Spanish public prosecutors have asked the Supreme Court to declare itself competent to review the granting of work leave to the Catalan political prisoners under article 100.2 of the penitentiary regulations. In a new initiative which could bring the Spanish high court - the court which convicted the pro-independence leaders - into the decisions on the type of prison regime they must follow, the prosecutors submitted to the judges that the type of leave which the nine have had over recent months is a "covert" open prison regime.
In a report, obtained this Tuesday by the daily El Mundo, the prosecutors who made the cases for rebellion and sedition against the Catalan pro-independence leaders - Jaime Moreno, Javier Zaragoza, Consuelo Madrigal and Fidel Cadena - argue that the permission to leave prison granted to the Catalan leaders "is similar to the granting of a covert third level (open) prison regime, since the effects derived from the application of this precept are not different from those that entail the application of the third level".
Asserting the impropriety of the granting of these leave permissions for a series of reasons - "some of them have even expressed their willingness to do it again", says the submission - the prosecutors conclude that there are sufficient reasons to “intervene in prison policy directly with the aim of altering the sentences decided in the verdicts and their effective enforcement.”.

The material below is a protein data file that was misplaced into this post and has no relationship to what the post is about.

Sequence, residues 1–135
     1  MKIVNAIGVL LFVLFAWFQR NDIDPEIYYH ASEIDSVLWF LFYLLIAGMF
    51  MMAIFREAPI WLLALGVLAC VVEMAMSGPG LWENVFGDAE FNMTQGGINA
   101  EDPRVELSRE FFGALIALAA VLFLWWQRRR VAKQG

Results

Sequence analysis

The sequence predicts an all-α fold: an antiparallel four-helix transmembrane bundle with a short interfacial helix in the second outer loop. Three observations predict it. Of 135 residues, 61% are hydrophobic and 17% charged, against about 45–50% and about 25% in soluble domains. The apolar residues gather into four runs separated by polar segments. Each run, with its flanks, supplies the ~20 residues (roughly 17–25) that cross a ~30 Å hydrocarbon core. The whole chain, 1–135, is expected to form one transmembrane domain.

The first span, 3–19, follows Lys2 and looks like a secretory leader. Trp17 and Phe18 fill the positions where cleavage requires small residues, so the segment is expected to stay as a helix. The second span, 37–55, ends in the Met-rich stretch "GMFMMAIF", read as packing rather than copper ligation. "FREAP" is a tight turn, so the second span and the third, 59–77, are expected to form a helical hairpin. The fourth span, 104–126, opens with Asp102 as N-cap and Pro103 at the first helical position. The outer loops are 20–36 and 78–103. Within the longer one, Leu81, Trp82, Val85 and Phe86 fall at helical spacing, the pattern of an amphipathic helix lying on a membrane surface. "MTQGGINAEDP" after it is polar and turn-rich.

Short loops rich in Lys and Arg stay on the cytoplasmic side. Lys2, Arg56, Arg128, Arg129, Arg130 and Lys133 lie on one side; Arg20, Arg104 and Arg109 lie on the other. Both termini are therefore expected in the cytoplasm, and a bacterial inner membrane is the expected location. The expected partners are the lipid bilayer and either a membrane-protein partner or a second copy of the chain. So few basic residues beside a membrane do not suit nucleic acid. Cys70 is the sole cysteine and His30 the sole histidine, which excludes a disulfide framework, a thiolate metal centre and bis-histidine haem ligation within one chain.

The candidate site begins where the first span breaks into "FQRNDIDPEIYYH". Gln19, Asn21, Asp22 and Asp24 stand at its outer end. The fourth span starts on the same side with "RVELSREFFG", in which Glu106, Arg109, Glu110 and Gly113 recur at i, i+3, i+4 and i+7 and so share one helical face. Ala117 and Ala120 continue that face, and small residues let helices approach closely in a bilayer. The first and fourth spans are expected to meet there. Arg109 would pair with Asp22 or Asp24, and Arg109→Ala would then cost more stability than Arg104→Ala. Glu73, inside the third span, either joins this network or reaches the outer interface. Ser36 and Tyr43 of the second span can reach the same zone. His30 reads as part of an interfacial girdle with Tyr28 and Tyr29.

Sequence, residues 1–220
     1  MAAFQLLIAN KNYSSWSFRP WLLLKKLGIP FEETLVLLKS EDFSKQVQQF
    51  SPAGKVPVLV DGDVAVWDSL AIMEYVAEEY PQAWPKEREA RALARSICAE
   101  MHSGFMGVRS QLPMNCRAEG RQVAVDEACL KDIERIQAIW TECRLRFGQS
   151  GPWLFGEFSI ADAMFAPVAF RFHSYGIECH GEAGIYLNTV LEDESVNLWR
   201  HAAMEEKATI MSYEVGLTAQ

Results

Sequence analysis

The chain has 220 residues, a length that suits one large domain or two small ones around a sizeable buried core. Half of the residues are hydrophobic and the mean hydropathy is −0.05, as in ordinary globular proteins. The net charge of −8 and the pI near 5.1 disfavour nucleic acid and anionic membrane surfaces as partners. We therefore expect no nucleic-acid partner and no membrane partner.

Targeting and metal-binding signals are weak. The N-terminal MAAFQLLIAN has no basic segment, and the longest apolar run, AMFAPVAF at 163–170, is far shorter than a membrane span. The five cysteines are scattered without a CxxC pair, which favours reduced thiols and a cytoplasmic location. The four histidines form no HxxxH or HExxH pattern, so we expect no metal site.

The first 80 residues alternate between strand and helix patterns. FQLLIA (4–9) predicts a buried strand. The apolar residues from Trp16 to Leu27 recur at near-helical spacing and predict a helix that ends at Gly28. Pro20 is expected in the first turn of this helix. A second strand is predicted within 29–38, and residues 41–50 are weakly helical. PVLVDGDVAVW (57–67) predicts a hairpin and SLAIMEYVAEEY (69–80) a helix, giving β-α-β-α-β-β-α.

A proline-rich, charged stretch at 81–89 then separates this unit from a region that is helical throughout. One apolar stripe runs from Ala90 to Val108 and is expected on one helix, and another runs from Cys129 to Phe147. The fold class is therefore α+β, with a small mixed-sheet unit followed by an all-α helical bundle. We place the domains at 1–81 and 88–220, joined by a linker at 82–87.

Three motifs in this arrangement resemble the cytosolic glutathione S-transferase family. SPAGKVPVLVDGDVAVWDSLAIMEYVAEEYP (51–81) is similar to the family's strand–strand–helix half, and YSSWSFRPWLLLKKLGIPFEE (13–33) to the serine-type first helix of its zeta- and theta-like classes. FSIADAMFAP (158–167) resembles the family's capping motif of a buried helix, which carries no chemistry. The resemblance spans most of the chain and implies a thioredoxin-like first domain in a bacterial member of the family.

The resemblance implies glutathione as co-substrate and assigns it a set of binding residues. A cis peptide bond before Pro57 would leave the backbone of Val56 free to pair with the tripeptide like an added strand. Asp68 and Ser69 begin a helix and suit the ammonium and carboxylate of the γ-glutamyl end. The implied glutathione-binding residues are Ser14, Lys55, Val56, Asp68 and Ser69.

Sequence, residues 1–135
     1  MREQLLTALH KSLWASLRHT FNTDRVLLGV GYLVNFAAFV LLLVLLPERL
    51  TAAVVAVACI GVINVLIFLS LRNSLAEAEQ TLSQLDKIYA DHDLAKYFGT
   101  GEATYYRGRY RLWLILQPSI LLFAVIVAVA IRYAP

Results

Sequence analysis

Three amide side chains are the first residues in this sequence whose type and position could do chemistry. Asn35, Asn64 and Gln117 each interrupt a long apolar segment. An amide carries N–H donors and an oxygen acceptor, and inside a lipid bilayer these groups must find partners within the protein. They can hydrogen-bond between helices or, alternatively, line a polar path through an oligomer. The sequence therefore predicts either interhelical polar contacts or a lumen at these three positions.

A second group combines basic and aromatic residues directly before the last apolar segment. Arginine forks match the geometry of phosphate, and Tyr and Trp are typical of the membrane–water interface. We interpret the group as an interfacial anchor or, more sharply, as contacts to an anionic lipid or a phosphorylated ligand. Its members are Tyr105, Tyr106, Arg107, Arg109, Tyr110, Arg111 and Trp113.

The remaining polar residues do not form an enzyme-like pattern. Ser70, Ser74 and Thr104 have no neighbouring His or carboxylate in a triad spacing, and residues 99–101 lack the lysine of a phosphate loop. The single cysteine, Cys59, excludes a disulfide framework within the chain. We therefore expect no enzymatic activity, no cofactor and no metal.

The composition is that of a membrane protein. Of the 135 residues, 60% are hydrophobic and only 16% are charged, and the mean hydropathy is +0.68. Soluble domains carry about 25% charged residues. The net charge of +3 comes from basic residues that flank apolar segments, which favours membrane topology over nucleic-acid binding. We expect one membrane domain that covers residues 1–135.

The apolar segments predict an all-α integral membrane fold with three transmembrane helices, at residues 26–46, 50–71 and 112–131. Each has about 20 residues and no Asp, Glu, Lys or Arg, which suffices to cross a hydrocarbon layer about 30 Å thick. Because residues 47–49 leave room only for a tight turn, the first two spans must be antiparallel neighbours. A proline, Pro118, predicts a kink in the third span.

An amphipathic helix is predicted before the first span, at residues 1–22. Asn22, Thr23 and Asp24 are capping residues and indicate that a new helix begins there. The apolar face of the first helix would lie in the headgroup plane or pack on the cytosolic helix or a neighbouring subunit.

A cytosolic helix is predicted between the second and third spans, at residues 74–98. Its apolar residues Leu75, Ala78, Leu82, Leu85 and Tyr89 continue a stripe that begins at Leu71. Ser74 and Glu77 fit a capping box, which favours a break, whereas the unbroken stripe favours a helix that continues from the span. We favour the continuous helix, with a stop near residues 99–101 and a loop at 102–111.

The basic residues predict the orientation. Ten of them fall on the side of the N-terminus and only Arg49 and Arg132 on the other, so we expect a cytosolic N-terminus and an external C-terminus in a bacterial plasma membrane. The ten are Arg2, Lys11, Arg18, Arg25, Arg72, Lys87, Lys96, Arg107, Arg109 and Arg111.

As the Supreme Court has made no ruling on this issue up till now, the question of work leave under article 100.2 has been resolved by Spain's provincial courts. However, the prosecutors now call on the Supreme Court to establish a "unifying doctrine" in the face of the wide range of criteria among the penitentiary judges of Catalonia.
The position of the prosecutors acting for the Supreme Court is opposed to that of the prosecutors in Catalonia, which have always directed appeals against the relaxation of the pro-independence leaders' prison regimes to the provincial court. However, in the recent case of an appeal against Carme Forcadell's work leave, a Lleida judge decided that the sentencing court should rule on the matter, and thus sent the case to the Supreme Court for its consideration. The high Spanish court, before ruling, called on the prosecutors to give their opinion, and this is the document which El Mundo has obtained.
This is the first time that prosecutors have directly asked the Supreme Court to assume jurisdiction over the flexibilization of the prison regime for the nine Catalan political prisoners.